Before President Carter left office, the Rapid Deployment Force (RDF) was developed, initially as a force that could seize oil facilities. It has grown to comprise one quarter of all active duty Army and Marine divisions, Navy carrier groups, and Air Force tactical fighter wings. On January 1, 1983, the RDF was officially transformed into the U.S. Central Command (CENTCOM) with responsibility for all U.S. military activities in the Middle East region, stretching between Egypt, Kenya and Pakistan. CENTCOM’s strategy for intervention in the Middle East was, and continues to be, based on (a) improvement of military bases in Middle East countries in exchange for U.S. access rights, (b) increased stockpiling of U.S. weapons and supplies in the region, (c) expansion of sealift and airlift capabilities, and (d) development of highly mobile and heavily armed "special operations" forces and "light infantry" divisions. President Reagan described the latter units as "power projection" forces designed for quick in and out intervention in the "Third" world. The "New World Order" was well prepared for the change from a bipolar to unipolar world, ruled by Pax Americana, i.e., peace, U.S. style.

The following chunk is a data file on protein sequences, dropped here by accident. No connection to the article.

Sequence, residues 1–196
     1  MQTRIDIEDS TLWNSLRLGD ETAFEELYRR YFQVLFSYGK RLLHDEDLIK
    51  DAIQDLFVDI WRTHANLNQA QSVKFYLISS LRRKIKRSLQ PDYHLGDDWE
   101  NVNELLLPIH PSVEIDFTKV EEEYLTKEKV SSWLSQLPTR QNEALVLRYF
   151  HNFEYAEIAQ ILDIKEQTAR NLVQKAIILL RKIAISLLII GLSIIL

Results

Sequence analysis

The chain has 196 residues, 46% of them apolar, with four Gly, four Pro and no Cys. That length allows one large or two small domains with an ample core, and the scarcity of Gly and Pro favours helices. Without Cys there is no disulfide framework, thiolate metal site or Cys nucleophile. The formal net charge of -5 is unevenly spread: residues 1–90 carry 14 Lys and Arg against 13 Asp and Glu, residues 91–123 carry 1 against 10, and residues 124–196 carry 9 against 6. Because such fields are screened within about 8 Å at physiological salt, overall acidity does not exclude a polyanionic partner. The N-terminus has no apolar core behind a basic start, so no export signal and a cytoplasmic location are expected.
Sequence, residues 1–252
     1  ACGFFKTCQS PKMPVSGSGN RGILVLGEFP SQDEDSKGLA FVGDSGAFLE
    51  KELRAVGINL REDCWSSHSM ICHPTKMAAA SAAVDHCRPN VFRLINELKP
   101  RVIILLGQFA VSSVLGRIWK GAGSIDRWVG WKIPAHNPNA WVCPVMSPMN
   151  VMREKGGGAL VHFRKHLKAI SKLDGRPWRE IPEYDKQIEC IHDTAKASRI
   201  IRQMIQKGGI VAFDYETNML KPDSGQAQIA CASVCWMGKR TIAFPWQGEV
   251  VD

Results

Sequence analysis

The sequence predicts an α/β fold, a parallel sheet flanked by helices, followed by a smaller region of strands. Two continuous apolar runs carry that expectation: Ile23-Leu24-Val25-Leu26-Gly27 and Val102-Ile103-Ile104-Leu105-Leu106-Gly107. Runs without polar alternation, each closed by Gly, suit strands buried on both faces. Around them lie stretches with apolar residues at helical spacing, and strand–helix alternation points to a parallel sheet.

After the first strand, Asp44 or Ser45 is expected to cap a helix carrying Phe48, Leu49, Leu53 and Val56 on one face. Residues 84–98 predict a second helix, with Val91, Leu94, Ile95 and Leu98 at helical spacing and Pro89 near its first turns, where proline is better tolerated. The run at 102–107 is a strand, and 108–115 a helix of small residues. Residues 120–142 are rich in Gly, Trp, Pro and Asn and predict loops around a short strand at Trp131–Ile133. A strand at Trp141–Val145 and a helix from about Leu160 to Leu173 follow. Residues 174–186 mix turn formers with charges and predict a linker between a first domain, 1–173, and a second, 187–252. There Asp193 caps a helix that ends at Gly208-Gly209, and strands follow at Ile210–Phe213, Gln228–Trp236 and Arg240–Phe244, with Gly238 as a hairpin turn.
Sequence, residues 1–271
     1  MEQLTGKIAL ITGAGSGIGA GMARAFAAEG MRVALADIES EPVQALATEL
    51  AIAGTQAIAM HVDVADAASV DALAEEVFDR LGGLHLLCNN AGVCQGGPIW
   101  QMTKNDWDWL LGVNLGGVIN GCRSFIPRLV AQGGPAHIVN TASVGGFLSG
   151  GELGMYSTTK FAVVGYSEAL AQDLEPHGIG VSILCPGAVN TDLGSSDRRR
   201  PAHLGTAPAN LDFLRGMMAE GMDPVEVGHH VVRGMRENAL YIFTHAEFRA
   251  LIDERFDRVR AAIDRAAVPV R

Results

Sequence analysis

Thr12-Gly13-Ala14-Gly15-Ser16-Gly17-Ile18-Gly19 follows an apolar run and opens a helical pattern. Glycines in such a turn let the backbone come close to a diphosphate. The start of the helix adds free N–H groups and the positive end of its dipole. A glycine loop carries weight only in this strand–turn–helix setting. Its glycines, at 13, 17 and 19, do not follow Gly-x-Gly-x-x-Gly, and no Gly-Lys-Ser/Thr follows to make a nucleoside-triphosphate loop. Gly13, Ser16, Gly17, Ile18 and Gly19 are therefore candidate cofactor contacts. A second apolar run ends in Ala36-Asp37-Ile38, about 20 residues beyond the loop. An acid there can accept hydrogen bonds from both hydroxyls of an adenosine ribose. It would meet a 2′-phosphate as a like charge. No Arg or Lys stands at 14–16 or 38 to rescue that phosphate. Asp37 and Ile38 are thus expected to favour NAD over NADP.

As the "East-West" conflict dwindles, the longstanding "North-South," or rich-poor conflict comes into sharper focus. However, in effect, the rich-poor, or North-South conflict has been operating under the cover of the "Cold War" for 45 years. In 1948, George Kennan, a major architect of the post-WW II containment policy in President Truman’s State Department, wrote:

 

"We have about 50% of the world’s wealth, but only 6.3% of its population…we cannot fail to be the object of envy and resentment. Our task…is to devise a pattern of relationships which will permit us to maintain this position of disparity…we should cease to talk about…unreal objectives such as human rights, the raising of living standards, and democratization…we are going to have to deal in straight power concepts."

If only our political leaders today were this honest.